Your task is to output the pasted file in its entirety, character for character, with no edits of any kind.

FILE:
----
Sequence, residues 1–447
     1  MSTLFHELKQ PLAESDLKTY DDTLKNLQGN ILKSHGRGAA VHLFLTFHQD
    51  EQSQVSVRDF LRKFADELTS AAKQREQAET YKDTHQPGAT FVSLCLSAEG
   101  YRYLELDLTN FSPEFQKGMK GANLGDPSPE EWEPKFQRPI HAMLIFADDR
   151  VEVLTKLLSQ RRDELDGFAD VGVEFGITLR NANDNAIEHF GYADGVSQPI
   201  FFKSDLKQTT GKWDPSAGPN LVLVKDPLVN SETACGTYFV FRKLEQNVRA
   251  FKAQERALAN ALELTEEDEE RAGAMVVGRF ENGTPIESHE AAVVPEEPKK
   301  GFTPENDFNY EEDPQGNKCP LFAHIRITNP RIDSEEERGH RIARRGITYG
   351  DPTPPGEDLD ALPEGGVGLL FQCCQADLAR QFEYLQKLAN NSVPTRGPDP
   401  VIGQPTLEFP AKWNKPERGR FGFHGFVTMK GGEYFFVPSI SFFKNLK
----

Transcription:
Sequence, residues 1–447
     1  MSTLFHELKQ PLAESDLKTY DDTLKNLQGN ILKSHGRGAA VHLFLTFHQD
    51  EQSQVSVRDF LRKFADELTS AAKQREQAET YKDTHQPGAT FVSLCLSAEG
   101  YRYLELDLTN FSPEFQKGMK GANLGDPSPE EWEPKFQRPI HAMLIFADDR
   151  VEVLTKLLSQ RRDELDGFAD VGVEFGITLR NANDNAIEHF GYADGVSQPI
   201  FFKSDLKQTT GKWDPSAGPN LVLVKDPLVN SETACGTYFV FRKLEQNVRA
   251  FKAQERALAN ALELTEEDEE RAGAMVVGRF ENGTPIESHE AAVVPEEPKK
   301  GFTPENDFNY EEDPQGNKCP LFAHIRITNP RIDSEEERGH RIARRGITYG
   351  DPTPPGEDLD ALPEGGVGLL FQCCQADLAR QFEYLQKLAN NSVPTRGPDP
   401  VIGQPTLEFP AKWNKPERGR FGFHGFVTMK GGEYFFVPSI SFFKNLK